July 16, 2009

California Dream Transformed into a Nightmare

NPR had a tremendously important program today about a major contributor to why California's budget problems are so dire.

It's not just Proposition 13. And it's not just the dysfunctional state government. One of the biggest problems in California is the overcrowded prisons that eat more than $10 billion each and every year on a totally broken and overwhelmed system.

The biggest culprit? The tough-on-crime laws that imprison more and more people for longer times without any programs that might break the cycle. Other contributors? The powerful Prison Guard union which lobbies for higher pay for increasingly dangerous duty based on the growing prison population who are facing increasing draconian sentences with no reason to believe anything will ever get better.

And then finally, there's this: every year California releases 120,000 prisoners and every year, they re-imprison 75,000 for parole violations (an astonishingly high 62.5% recidivism rate) which makes the overcrowding worse.

Here was what I thought was the money quote regarding the insanity of our strict parole violation rules:

Texas used to have similar laws but found them too costly. So it slowly stopped returning parolees to prison for technical violations, and now Texas doesn't have the overcrowding and fiscal problems facing California, Sullivan says.

Ever since the Nixon days, Californians have voted for increasingly tougher laws, longer sentences and stricter rules on paroles. This is the result of the relentless conservative/authoritarian propaganda that makes punishment more important than rehabilitation despite the evidence that these policies are not just futile, but actually counterproductive in creating a safer and saner community.

Today, we are captive to the monster that the vindictive and harsh policies which do nothing to rehabilitate prisoners have wrought, guaranteeing that we will continue to spend more money to keep someone in prison than we do to put them in good schools. Talk about cutting off your nose to spite your face.

Posted by Mary at July 16, 2009 12:40 AM | Law/Justice | Technorati links |

as far as a “welfare” state goes, the primary goal of government is to protect the people, this usually translates to supporting the military, but what good is a country if it doesnt protect its sick, its elderly and its poor.help drug addicts too, prevention and rehabilitation services are more effective and cost effective than throwing them into prisons where they can get drugs just as easily -once theyre released they cant get work because of a criminal record. if you treat them effectively they can become functioning members of society.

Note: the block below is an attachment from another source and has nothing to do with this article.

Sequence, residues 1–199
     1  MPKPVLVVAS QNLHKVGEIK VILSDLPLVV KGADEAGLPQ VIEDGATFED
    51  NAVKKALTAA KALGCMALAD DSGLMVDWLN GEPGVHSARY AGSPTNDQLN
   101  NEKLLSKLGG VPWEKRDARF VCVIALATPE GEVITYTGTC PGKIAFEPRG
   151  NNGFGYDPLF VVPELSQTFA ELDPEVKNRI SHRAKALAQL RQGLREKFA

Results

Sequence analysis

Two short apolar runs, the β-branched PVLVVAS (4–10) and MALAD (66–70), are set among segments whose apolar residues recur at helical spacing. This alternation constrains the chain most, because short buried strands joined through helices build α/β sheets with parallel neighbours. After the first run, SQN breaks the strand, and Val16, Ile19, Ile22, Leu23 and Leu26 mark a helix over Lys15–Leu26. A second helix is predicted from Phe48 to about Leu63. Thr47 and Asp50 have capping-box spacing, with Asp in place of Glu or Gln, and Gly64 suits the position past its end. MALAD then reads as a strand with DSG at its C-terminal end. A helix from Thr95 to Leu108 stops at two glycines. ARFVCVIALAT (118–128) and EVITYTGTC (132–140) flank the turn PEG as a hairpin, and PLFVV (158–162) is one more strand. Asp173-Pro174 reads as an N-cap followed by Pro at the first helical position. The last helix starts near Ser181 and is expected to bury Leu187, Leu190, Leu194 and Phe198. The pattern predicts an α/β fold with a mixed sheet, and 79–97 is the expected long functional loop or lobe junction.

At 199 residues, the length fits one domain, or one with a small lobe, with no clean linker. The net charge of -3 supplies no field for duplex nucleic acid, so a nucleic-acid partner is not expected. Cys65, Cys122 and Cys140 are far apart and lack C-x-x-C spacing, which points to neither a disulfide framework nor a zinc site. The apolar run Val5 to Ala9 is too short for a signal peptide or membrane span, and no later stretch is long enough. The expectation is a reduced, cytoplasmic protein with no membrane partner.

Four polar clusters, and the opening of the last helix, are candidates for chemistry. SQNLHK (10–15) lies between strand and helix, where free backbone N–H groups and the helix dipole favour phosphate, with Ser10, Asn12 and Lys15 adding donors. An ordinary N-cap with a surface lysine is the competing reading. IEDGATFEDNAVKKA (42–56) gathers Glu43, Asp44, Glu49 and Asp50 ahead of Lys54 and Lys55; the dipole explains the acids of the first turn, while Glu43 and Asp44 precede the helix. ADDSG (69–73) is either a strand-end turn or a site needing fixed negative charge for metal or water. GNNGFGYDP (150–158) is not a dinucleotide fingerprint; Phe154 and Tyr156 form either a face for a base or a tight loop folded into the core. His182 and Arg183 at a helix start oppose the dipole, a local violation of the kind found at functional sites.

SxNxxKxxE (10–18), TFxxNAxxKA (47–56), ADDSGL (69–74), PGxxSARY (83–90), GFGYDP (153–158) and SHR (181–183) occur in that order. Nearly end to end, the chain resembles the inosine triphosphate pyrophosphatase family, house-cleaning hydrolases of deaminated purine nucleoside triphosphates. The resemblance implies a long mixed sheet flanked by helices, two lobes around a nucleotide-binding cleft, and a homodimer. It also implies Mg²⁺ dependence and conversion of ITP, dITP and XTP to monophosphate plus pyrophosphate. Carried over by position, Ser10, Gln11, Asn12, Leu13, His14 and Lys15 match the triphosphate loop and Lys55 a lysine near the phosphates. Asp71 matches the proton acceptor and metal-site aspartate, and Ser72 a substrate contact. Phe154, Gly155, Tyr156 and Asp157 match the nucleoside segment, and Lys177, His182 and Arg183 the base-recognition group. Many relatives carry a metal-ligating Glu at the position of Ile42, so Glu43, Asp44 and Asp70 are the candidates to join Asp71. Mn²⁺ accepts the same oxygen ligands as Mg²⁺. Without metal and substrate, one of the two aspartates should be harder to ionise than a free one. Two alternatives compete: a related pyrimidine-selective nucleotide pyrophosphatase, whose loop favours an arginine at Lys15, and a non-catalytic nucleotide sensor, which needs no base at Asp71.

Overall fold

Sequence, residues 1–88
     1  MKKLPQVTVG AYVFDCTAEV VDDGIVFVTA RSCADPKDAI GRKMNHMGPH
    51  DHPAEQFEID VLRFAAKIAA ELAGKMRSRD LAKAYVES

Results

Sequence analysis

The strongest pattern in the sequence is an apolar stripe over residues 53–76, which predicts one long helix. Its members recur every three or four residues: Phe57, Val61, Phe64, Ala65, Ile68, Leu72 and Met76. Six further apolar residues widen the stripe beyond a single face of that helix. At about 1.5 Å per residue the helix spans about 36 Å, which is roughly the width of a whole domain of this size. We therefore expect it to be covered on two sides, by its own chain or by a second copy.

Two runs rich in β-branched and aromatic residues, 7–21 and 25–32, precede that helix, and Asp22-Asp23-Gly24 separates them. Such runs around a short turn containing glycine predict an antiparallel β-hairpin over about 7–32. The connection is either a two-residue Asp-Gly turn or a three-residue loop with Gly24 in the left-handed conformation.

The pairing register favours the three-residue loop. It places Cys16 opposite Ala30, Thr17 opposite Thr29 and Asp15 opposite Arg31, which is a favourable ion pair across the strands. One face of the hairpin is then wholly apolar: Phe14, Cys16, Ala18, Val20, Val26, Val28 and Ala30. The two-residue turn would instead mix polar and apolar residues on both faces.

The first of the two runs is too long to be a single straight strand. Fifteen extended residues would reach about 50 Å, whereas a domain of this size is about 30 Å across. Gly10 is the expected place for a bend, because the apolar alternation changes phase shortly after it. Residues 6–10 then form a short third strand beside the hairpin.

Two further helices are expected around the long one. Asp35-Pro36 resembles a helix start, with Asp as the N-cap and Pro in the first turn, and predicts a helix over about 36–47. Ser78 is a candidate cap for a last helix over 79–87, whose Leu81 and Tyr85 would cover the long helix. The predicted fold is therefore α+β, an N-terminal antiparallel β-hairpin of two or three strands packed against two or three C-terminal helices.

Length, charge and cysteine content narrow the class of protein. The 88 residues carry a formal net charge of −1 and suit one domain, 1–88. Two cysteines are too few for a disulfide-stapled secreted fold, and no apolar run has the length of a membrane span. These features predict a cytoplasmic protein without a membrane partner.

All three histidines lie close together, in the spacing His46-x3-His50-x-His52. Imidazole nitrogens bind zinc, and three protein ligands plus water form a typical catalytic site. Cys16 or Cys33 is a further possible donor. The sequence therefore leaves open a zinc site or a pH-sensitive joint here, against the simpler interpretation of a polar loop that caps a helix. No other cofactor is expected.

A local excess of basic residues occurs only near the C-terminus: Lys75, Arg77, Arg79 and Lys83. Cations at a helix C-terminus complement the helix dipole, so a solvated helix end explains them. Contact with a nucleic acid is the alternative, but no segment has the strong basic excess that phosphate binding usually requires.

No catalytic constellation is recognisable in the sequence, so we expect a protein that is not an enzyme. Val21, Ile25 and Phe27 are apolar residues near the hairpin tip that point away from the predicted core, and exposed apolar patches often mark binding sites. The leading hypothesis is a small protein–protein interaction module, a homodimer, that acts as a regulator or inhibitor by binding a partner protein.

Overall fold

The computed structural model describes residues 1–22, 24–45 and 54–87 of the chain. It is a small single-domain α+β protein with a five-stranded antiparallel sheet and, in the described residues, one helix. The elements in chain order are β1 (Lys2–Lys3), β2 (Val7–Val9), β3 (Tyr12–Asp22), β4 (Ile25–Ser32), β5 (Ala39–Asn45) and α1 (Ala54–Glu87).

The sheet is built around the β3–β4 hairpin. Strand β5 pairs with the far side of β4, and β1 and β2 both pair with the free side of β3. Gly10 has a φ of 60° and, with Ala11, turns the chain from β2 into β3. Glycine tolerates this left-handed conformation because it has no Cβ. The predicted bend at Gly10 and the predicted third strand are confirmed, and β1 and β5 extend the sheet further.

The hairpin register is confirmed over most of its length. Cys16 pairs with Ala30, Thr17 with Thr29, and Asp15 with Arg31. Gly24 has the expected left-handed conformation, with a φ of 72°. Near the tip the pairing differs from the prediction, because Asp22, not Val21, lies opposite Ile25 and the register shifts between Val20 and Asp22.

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Posted by: Malaysia will writing at July 16, 2009 08:39 AM

What i think about this is that the system is faulty and need to change. With a large number of people going criminals we cant afford the older technique to let themselves convert to good human beings. Most of them are under the influence that even if they get caught in some illegal activities, they are still going to get a proper life. We need to change this.
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Posted by: replacement coils at July 17, 2009 02:14 AM

As a country, we imprison more of our population than any other modern society. That goes not only for democracies, but for some rather heinous dictatorships, too. Keeping a large percentage of our population locked up, rather than becoming educated and being productive, is something we won't be able to afford much longer as a society.

I hope it's still OK to write comments here without spamming. ;-)

Posted by: Cujo359 at July 19, 2009 05:45 PM

Cujo - your spam free comment are truly welcome. But yes, it's sad. It appears some of the on-topic comments also have to come with an ad.

At least they are free of the pornography or other salacious crap that the truly annoying spammers contribute.

Posted by: Mary at July 20, 2009 06:18 PM